True. However, the question has to be asked, why are they falling behind in payments ? Loss of job perhaps ? Where have most jobs been lost ? I`d say it has been in the building trade and property related industries. Add a bit of inflation into the mix, and rising mortgages rates, it`s a recipe for disaster. Too much money being pumped into the property market, or any other sector of the economy is always going to cause problems. Those of us who predicted trouble, and kept out of the property/credit bubble are starting to suffer.Meanwhile the property bulls have left the building (hopefully the building that they lived in, having had it repossessed).

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OMFG, I'm absolutely stunned, my girlfriend and I earn between us £60k (mid 20's and mid 30's). I never really understood just how bad the leding had been. On our combined salary we would only just be willing to buy a 3-4 bed in a good area for £200k but here are these absolute uneducated, below 100 IQ, financially challenged morons who the banks will led over £150k when they are on £14k-WTF!!!!!!! :angry: :angry: :angry: No wonder we can't get a place we could afford that suits our needs.

This is where you're going wrong. As you earn 4 times as much as the Muppets you need to be looking at houses that cost 4X. Therefore you need to be looking at houses "worth" £600K. It's people like you staying out of the market that are to blame for this mess we're in - too much time getting an education has neutered your cojones - no sense of social responsibility - you gotta BUY BUY BUY.

- that's the kind of advice I was getting from my extended family (aka circle of mistrust) over the last few years - "look at cousin Bob - has a McJob on 15K and a proud owner of a few lie-to-buy-to-let mortgages of 200K+ each - failed his GCSE's & he's a blooming millionaire - where's all your education got you? Still renting - what kind of parent are you? - don't you know need to speculate to accumulate - don't be so stubborn / risk-averse - can't lose on bricks & mortar, bish bosh - loadsamonneeeeey!"

Seriously though- wonder how many sheeple have got themselves into huge debt as a result of this kind of pressure - I know from personal experience how much it can do your head in and strain relationships. I'm angry but not just at the lie-to-buy sheeple, the majority of which have just sleep-walked themselves & us into financial disaster - it's all the VI to$$ers who flew the flag of boom everywhere that are the real villains - people like Krusty Alslop should be publicly humiliated and forced to contribute a significant percentage of their future income to an appropriate charity (don't know who's more deserving - the homeless, or the kids of the repossessed) and banned from ever appearing on TV / writing in the media again.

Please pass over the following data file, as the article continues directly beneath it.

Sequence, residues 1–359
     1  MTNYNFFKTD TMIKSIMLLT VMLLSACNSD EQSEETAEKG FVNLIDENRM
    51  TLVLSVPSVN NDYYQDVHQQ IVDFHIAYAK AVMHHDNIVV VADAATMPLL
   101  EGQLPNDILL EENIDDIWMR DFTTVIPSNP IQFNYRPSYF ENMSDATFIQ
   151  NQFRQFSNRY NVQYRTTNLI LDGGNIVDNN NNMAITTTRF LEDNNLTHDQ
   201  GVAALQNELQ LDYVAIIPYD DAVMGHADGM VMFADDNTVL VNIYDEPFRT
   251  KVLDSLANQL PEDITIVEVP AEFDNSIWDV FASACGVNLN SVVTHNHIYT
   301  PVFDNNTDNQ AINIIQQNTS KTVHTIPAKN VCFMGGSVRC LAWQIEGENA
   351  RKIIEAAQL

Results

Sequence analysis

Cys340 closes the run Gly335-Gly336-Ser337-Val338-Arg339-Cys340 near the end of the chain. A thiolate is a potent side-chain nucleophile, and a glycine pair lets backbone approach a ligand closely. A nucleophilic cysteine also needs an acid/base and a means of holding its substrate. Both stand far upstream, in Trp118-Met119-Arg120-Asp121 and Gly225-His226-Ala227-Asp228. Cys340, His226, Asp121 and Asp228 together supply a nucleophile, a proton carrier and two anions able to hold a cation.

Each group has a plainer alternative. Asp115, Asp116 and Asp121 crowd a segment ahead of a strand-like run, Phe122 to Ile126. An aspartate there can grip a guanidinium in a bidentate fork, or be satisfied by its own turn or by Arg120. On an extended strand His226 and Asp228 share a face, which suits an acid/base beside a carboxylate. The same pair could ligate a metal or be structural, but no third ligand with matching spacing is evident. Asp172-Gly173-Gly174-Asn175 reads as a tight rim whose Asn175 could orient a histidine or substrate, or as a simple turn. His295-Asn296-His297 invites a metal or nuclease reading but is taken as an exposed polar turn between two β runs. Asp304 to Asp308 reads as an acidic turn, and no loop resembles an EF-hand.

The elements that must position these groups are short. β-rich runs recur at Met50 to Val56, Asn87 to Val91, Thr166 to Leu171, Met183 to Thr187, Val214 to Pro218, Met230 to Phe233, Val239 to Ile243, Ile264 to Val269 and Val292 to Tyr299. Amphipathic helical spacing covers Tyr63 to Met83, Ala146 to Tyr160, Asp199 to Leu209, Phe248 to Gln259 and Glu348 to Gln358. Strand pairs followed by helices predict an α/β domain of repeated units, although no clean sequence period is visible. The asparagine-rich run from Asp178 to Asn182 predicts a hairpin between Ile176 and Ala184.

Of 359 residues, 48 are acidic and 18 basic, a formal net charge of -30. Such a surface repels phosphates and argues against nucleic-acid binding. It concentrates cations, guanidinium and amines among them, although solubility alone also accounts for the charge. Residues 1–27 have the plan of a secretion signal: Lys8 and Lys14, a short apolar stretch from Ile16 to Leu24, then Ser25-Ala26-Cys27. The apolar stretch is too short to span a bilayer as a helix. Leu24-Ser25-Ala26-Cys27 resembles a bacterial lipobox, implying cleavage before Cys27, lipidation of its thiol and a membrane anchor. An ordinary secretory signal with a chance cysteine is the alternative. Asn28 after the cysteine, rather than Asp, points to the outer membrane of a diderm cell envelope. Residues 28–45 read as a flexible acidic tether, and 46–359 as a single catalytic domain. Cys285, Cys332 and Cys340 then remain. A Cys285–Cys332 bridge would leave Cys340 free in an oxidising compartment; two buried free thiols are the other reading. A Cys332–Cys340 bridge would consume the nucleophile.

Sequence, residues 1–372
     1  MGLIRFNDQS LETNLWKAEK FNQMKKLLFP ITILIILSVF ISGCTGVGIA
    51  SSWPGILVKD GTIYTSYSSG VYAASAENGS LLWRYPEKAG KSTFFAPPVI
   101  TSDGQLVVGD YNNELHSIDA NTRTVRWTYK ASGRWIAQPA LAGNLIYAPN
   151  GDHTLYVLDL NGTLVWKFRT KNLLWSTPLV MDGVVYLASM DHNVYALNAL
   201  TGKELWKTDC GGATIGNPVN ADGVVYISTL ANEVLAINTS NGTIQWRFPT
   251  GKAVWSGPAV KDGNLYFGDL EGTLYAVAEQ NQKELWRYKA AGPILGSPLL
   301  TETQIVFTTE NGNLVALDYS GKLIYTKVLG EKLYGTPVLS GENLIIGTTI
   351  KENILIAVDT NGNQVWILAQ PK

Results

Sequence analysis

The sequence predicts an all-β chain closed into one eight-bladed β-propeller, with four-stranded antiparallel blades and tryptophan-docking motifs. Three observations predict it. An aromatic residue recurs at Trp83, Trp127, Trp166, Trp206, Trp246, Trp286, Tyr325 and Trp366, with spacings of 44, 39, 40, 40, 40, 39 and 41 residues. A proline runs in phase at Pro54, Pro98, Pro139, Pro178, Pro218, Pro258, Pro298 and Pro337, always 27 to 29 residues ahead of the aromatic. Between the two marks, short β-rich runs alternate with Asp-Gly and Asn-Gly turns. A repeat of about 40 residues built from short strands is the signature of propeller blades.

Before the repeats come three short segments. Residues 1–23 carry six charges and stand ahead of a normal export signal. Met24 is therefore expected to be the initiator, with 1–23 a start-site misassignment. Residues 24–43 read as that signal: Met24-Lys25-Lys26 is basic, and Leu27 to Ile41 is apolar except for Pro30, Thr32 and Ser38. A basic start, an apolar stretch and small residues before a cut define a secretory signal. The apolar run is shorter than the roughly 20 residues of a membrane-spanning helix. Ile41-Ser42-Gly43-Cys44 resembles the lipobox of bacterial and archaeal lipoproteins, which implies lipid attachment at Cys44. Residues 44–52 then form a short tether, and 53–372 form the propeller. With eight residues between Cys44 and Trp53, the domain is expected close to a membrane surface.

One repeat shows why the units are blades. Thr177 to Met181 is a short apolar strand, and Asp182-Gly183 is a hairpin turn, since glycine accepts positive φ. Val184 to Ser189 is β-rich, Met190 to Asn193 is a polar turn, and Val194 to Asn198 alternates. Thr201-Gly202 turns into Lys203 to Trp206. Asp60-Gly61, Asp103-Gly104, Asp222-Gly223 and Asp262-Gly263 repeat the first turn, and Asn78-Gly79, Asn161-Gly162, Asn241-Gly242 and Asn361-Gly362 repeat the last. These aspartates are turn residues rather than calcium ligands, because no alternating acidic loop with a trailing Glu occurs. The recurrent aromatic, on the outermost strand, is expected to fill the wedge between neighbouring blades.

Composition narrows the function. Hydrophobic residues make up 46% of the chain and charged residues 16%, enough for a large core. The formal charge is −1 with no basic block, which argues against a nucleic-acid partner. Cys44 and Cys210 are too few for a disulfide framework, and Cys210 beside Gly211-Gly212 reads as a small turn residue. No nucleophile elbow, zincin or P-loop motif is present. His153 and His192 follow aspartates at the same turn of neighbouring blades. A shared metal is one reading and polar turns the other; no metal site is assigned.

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Guest mattsta1964
This is where you're going wrong. As you earn 4 times as much as the Muppets you need to be looking at houses that cost 4X. Therefore you need to be looking at houses "worth" £600K. It's people like you staying out of the market that are to blame for this mess we're in - too much time getting an education has neutered your cojones - no sense of social responsibility - you gotta BUY BUY BUY.

- that's the kind of advice I was getting from my extended family (aka circle of mistrust) over the last few years - "look at cousin Bob - has a McJob on 15K and a proud owner of a few lie-to-buy-to-let mortgages of 200K+ each - failed his GCSE's & he's a blooming millionaire - where's all your education got you? Still renting - what kind of parent are you? - don't you know need to speculate to accumulate - don't be so stubborn / risk-averse - can't lose on bricks & mortar, bish bosh - loadsamonneeeeey!"

Seriously though- wonder how many sheeple have got themselves into huge debt as a result of this kind of pressure - I know from personal experience how much it can do your head in and strain relationships. I'm angry but not just at the lie-to-buy sheeple, the majority of which have just sleep-walked themselves & us into financial disaster - it's all the VI to$$ers who flew the flag of boom everywhere that are the real villains - people like Krusty Alslop should be publicly humiliated and forced to contribute a significant percentage of their future income to an appropriate charity (don't know who's more deserving - the homeless, or the kids of the repossessed) and banned from ever appearing on TV / writing in the media again.

Ignorance is a terribly dangerous thing ;)

It's really not fair to lay the blame on the dumb bovine suckers who fell for it. The system played them like a harp

The Krusty Allsop Involuntary Resettlement Fund, a registered charity to resettle the bovine masses into subsidised accomodation, funded by Allsop's personal fortune.

Yeah......There should be a few of those!

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It gets worse as said Michelle a secretary at my old work place by 22 had a 210K house, her and her BF made between them 21K....